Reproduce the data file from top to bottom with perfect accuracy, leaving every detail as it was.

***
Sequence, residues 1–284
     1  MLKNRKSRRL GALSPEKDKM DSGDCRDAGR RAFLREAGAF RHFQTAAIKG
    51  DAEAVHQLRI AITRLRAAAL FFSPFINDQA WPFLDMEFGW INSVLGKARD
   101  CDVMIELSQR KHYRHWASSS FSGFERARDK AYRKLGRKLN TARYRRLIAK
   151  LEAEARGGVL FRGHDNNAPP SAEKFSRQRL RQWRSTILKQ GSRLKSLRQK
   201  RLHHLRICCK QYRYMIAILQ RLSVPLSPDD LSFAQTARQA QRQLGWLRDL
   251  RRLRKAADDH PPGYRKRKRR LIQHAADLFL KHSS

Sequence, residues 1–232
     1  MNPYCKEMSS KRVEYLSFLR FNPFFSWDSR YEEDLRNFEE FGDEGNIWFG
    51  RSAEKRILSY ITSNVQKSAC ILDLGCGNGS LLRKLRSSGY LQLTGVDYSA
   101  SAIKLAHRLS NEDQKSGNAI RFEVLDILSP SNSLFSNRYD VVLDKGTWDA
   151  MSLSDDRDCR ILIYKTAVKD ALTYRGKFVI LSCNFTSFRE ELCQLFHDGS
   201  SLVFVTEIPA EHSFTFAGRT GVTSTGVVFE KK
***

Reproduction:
Sequence, residues 1–284
     1  MLKNRKSRRL GALSPEKDKM DSGDCRDAGR RAFLREAGAF RHFQTAAIKG
    51  DAEAVHQLRI AITRLRAAAL FFSPFINDQA WPFLDMEFGW INSVLGKARD
   101  CDVMIELSQR KHYRHWASSS FSGFERARDK AYRKLGRKLN TARYRRLIAK
   151  LEAEARGGVL FRGHDNNAPP SAEKFSRQRL RQWRSTILKQ GSRLKSLRQK
   201  RLHHLRICCK QYRYMIAILQ RLSVPLSPDD LSFAQTARQA QRQLGWLRDL
   251  RRLRKAADDH PPGYRKRKRR LIQHAADLFL KHSS

Sequence, residues 1–232
     1  MNPYCKEMSS KRVEYLSFLR FNPFFSWDSR YEEDLRNFEE FGDEGNIWFG
    51  RSAEKRILSY ITSNVQKSAC ILDLGCGNGS LLRKLRSSGY LQLTGVDYSA
   101  SAIKLAHRLS NEDQKSGNAI RFEVLDILSP SNSLFSNRYD VVLDKGTWDA
   151  MSLSDDRDCR ILIYKTAVKD ALTYRGKFVI LSCNFTSFRE ELCQLFHDGS
   201  SLVFVTEIPA EHSFTFAGRT GVTSTGVVFE KK